Snyder, William T. (1917-1993)

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William T. Snyder, 1974. Photo courtesy of Joseph and Margaret Snyder Sprunger.

William T. “Bill” Snyder, long-time Mennonite Central Committee executive, was born 4 December 1917 in Altoona, Pennsylvania, the son of William D. and Susan Gorman Snyder. His father worked for the Pennsylvania Railroad as a foreman, and the family attended Memorial Mennonite Church, an Eastern District congregation in Altoona. In 1944, William married Lucille Steiner, daughter of Calvin and Luella (Burkholder) Steiner. They had three children, Margaret Jean, Sharon Christine and William David. William T. Snyder died 2 October 1993.

Upon graduating from high school William attended the Altoona School of Commerce for two years before transferring to Bluffton College. At Bluffton he was active in a variety of activities before graduating in 1940 with a degree in business administration. William served on the editorial staff of the student newspaper, played catcher on the baseball team and was active in the Men’s Gospel Team. He was president of his class and given the Most Popular Man award. He was elected to the Bluffton College Board of Directors and served in that capacity from 1958-1988. In 1981 Bluffton College conferred on him an honorary doctorate degree. The following year it named him Outstanding Alumnus.

On 12 August 1944, William was married to Lucille M. Steiner, also a Bluffton graduate. In 1943 William entered Civilian Public Service (CPS) at Luray, Virginia. Here his administrative gifts were recognized with the result that he was invited to a position in the Mennonite Central Committee (MCC) treasurer’s office. Soon his duties were expanded to direct the dairy testing division of CPS.

After being discharged from CPS, William was invited to continue with MCC as director of the newly created Mennonite Aid Section to facilitate the resettlement of over 15,000 European refugees to North and South America. In 1955 be was named Associate Executive Secretary and in 1957 he succeeded Orie O. Miller as Executive Secretary of MCC, serving in that position for 25 years.

William Snyder was MCC’s longest-serving Executive Secretary. Under his leadership MCC made the transition from a relief and refugee settlement program with a major European concentration to a global program with an expanded community development emphasis. The number of MCC-appointed workers increased to 497 serving in 58 countries. Much of this growth took place in Africa in the aftermath of the colonization era.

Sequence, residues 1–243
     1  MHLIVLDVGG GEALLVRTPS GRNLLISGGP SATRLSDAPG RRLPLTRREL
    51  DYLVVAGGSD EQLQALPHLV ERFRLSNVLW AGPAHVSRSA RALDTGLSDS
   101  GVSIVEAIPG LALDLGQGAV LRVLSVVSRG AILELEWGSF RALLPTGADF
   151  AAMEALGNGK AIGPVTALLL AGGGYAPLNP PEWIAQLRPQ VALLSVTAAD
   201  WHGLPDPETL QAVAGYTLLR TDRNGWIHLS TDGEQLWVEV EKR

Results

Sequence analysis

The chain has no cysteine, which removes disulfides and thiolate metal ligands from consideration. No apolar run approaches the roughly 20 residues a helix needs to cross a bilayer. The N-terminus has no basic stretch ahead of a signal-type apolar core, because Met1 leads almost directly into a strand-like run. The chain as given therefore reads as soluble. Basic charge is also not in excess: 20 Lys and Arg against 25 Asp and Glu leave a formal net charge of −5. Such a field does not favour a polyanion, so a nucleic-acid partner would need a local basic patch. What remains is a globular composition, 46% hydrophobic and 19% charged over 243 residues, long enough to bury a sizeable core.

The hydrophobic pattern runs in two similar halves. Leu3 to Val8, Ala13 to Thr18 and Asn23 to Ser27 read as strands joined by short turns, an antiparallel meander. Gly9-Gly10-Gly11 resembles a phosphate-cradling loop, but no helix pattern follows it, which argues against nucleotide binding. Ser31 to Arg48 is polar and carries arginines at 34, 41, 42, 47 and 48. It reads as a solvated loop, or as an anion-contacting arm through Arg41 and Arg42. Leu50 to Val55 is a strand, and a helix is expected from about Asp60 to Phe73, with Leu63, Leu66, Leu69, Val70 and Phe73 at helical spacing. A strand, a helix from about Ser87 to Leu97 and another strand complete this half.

Snyder had a major role in the creation or direction of MCC-related ministries, such as Mennonite Mental Health Services, Mennonite Economic Development Association, Mennonite Disaster Service, Mennonite Indemnity, Menno Travel Service, and the Association of Mutual Aid Societies.

Snyder’s service went beyond MCC and included the board of Church World Service. He was one of the founders of International Voluntary Service and served on its board for more than 20 years. For many years he represented MCC on the Washington, D.C.-based National Service Board for Religious Objectors.

William Snyder gave first priority to activities related to the wider Mennonite church. He and Lucille were charter members of Bethel Mennonite Church, Lancaster, Pennsylvania, established in 1947 by Eastern District Conference. As active members of the  congregation, Lucille served as organist and William as Sunday School superintendent and teacher. William was also active serving on boards in both the Eastern District and General Conference Mennonite Church. In the 1940s and 1950s he served on the Publication and Historical Committee and the Peace Committee of the Eastern District. From 1953-1965 he served on the General Conference Board of Christian Service and the Executive Committee.  In addition he served on the boards of the Schowalter Foundation and the Mennonite Weekly Review

After retiring from MCC in 1982, he and Lucille continued to live in a modest house across the street from what was long known as MCC’s Main House. He died on 2 October 1993 at the age of 75. Lucille died in 2003.

William Snyder had an above average grasp of finance, business administration and international affairs, but he is best described as a visionary servant leader who served the church faithfully and who willingly shared the limelight with others, especially youth.


William T. Snyder papers. Mennonite Church USA Archives-Goshen, Goshen, Indiana.

William T. Snyder papers. Mennonite Central Committee Archives, Akron, Pennsylvania. Includes transcribed interviews of Snyder in the 1980s by Robert Kreider. In 2010 these remained restricted access.

Author(s) Edgar Stoesz
Date Published 2009

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MLA style

Stoesz, Edgar. "Snyder, William T. (1917-1993)." Global Anabaptist Mennonite Encyclopedia Online. 2009. Web. 23 Feb 2024.,_William_T._(1917-1993)&oldid=104861.

APA style

Stoesz, Edgar. (2009). Snyder, William T. (1917-1993). Global Anabaptist Mennonite Encyclopedia Online. Retrieved 23 February 2024, from,_William_T._(1917-1993)&oldid=104861.

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